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August 19, 2008

Whither Washington?

The presidential primary held in late February had a draw, as almost 1.4 million Washingtonians cast votes. Today, when voters head to the polls to select nominees for state and federal offices, Washingtonians have little reason to head to the polls beyond a contested race for State Treasurer.

Still, Secretary of State Sam Reed told the Seattle Times he expects 46% of the state's registered voters, or about 1.5 million people, to turn out. Experts from both parties caution against reading too much into the results, and both parties are playing down their chances for success compared with their chief rivals in the primary.

The reason comparisons might matter this time around: Washington's new primary system, in which the top two vote-getters, regardless of party, advance to the general election. That means voters can choose either Democratic Governor Christine Gregoire or her Republican rival, former State Senator Dino Rossi, on today's ballot, along with a handful of other candidates.

So, should one read into primary results? The Republican Governors Association says no, arguing that the GOP underperforms in state primaries and pointing to the 34% of the vote Rossi got in the 2004 primary, two months before coming 130 votes away from winning the general.

So do some Democrats, who caution against reading too much into results in a competitive Congressional election in the state's Eighth District. In that suburban Seattle district, which has never elected a Democrat, Rep. Dave Reichert faces another tough challenge from businesswoman Darcy Burner, who came within just a few points of beating him in 2006. Democratic strategists say they expect Reichert to win the most votes in the primary by a small margin.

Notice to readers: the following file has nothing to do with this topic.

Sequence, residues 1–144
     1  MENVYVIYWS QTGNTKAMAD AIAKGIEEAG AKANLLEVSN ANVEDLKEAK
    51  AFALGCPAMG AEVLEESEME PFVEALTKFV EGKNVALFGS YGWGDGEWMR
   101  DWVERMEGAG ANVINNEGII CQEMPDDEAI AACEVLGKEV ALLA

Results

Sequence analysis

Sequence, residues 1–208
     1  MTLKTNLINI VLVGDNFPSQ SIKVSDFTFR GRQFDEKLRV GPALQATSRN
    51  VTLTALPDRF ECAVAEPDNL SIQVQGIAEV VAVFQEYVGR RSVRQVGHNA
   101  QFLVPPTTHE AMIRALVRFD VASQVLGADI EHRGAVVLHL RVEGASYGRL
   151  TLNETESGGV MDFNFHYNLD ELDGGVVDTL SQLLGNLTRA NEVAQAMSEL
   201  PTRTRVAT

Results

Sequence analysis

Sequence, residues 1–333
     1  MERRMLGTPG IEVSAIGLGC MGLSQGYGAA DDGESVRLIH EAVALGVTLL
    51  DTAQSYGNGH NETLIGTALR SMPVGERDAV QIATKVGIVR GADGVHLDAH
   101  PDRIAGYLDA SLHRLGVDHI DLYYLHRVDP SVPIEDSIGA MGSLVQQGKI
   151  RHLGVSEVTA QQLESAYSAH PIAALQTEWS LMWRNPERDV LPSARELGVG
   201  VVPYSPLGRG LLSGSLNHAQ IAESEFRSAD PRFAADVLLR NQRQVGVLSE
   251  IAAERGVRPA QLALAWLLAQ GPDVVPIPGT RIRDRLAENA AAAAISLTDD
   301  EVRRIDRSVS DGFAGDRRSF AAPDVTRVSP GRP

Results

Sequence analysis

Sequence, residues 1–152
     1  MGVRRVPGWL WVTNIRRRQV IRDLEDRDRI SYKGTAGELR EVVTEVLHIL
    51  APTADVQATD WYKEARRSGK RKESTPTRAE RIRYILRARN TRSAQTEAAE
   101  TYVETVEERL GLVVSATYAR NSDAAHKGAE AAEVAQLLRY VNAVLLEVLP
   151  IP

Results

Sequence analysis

But is either party telling the whole story? Rossi got just over a third of the vote in 2004 thanks to a competitive Democratic primary in which Gregoire beat King County Executive Ron Sims. Gregoire won easily, but the fact that she had a credible opponent drove up turnout, especially in Democratic-heavy King and Thurston Counties, Sims' and Gregoire's respective bases.

And what would it say if Burner gets fewer votes than Reichert today, two years after she actually won more votes in the primary then lost by a narrow 7,000-vote margin? In fact, if Reichert wins more votes than Burner this year, it will be the first time the two-term Republican has gotten the most votes in a primary; he trailed his 2004 Democratic opponent by a wide margin as well, when both parties featured competitive primaries.

Reporters are hearing similar downplays from both Rossi's and Gregoire's campaigns. The truth is, thanks to Washington's new primary system (This is the first election to be run under the new "top two" method), political professionals don't know what to think about today's results.